FDA updates hospital pharmacy compounding rules to address potential shortages
The FDA has released four updates to the rules hospital pharmacies must follow under the federal Food, Drug, and Cosmetic Act when compounding medications to address issues that may arise during the COVID-19 pandemic.
All of the updates relate to Section 503A of the Act, which outlines the conditions under which drugs may be exempt from certain rules.
The FDA said it is issuing the updates to provide clarity and guidance to compounding pharmacies on issues associated with compounding drugs during the COVID-19 pandemic and to protect patients from hazardous compound drugs, ineffective or of poor quality.
The four updates:
- The FDA said its guidelines on the “1 mile radius” disposal are still in draft form. He did not say when the revision would be released. The one-mile radius provision allows hospital pharmacies to dispense compounded pharmaceuticals to healthcare facilities as long as they are owned and controlled by the same entity as the pharmacy and located within a one-mile radius. mile from pharmacy. The FDA said the draft guidelines have been released for public comment and have not been implemented.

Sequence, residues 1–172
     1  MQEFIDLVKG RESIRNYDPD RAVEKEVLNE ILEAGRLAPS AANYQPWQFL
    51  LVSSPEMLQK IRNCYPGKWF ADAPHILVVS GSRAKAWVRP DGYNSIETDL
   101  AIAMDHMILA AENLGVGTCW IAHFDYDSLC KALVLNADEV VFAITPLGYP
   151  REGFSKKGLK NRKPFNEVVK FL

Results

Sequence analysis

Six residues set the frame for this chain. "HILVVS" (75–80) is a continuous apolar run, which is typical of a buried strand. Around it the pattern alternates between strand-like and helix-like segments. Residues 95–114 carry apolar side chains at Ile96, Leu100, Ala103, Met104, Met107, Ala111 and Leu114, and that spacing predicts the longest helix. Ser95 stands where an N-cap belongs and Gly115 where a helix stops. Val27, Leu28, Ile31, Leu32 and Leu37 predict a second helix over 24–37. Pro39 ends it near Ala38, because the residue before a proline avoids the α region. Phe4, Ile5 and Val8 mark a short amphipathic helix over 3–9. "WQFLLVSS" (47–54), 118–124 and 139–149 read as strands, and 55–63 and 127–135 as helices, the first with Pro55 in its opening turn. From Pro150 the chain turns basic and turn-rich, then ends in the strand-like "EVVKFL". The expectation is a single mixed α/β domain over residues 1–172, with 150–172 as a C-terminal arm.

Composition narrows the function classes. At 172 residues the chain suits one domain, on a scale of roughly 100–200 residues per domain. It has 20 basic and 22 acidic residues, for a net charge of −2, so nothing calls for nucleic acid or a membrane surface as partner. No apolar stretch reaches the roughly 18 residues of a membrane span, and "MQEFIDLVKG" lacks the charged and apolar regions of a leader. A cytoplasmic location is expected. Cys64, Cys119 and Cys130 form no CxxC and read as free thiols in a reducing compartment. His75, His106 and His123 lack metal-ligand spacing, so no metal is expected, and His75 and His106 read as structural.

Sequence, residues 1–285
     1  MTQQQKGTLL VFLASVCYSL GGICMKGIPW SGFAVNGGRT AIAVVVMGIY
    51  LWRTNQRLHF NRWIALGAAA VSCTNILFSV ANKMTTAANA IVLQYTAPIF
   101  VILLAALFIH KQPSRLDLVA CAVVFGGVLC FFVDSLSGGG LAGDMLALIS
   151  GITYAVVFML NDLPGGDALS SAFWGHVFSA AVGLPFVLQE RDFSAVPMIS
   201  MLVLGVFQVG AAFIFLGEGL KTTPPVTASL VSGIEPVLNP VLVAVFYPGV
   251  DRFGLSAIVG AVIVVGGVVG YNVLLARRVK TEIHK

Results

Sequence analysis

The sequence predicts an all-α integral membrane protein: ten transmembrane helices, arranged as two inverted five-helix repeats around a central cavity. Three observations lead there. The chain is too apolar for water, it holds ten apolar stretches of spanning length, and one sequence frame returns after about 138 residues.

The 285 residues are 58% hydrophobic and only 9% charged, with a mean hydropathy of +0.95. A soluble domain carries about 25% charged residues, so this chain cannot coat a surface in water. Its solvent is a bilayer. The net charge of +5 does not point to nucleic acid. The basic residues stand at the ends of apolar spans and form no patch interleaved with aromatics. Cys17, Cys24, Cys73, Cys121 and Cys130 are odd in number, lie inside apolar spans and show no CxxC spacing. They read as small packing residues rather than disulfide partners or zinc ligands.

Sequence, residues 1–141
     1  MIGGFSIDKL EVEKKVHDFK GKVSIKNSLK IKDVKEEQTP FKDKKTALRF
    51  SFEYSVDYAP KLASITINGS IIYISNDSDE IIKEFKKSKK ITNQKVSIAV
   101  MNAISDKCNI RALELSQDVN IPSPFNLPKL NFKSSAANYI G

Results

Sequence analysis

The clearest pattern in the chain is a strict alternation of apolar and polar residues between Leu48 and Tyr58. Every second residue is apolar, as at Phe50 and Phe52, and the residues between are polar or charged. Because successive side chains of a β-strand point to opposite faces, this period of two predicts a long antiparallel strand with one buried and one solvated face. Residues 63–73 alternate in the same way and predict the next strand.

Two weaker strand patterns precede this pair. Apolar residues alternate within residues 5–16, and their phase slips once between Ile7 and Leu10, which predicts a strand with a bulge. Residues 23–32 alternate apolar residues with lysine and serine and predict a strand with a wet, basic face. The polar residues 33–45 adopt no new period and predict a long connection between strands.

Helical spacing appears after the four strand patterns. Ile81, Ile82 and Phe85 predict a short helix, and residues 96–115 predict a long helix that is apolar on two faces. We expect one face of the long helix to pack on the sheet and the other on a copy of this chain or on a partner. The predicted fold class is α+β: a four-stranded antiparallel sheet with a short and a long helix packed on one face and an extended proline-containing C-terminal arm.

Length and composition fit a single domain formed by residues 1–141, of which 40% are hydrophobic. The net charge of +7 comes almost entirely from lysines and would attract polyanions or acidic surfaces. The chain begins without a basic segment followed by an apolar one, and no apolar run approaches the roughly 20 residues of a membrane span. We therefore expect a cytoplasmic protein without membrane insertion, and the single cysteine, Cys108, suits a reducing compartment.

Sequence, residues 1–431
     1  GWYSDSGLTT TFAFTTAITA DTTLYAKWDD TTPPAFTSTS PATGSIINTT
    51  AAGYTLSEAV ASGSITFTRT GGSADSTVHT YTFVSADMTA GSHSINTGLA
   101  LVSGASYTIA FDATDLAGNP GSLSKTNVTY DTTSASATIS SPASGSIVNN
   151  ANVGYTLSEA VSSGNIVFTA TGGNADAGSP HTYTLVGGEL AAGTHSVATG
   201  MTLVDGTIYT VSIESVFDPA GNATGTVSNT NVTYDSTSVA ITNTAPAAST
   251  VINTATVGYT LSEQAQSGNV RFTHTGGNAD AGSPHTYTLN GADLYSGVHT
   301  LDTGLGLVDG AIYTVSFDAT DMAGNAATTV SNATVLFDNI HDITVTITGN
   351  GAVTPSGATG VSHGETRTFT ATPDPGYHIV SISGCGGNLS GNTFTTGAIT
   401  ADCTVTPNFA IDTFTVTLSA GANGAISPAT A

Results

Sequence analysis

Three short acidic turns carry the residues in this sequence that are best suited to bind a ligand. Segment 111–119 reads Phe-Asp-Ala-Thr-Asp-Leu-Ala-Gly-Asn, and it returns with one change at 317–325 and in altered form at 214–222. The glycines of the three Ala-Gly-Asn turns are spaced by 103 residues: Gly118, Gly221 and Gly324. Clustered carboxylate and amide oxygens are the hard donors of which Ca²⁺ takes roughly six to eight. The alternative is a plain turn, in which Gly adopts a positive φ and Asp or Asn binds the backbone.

- The FDA does not plan to immediately enforce the “5% limit.” The 5% limit prevents hospital pharmacies from dispensing compounded drugs outside of the state in which they were compounded in quantities exceeding 5% of the total prescriptions dispensed by the pharmacy. The rule was put in place because if a large portion of a hospital pharmacy‘s drugs are dispensed across state lines, regulating those products can be logistically and financially difficult. Once the agency has finalized a memorandum of understanding and given states the opportunity to sign it, execution can proceed.
- The FDA has clarified which drugs are excluded from the “substantially a copy” provision. Drugs on its shortage list or drugs that are no longer commercially available are not included in the provision. Compound drugs that are considered “essentially a copy” of existing drugs that are already on the market are generally not FDA approved.
- The FDA has clarified its position on outsourcing facilities under 503A. He said he does not consider a compound drug produced by a contract facility to be “substantially a copycat” if it is identical or nearly identical to an existing FDA-approved drug that is on the shortage list. The agency clarified this because Section 503A generally only applies to hospital pharmacies and not contract facilities.
Clarifications released by the FDA suggest that hospital pharmacies should be able to compound many of the drugs that are in short supply due to the COVID-19 pandemic, according to the American Hospital Association.
Read the full FDA press release here.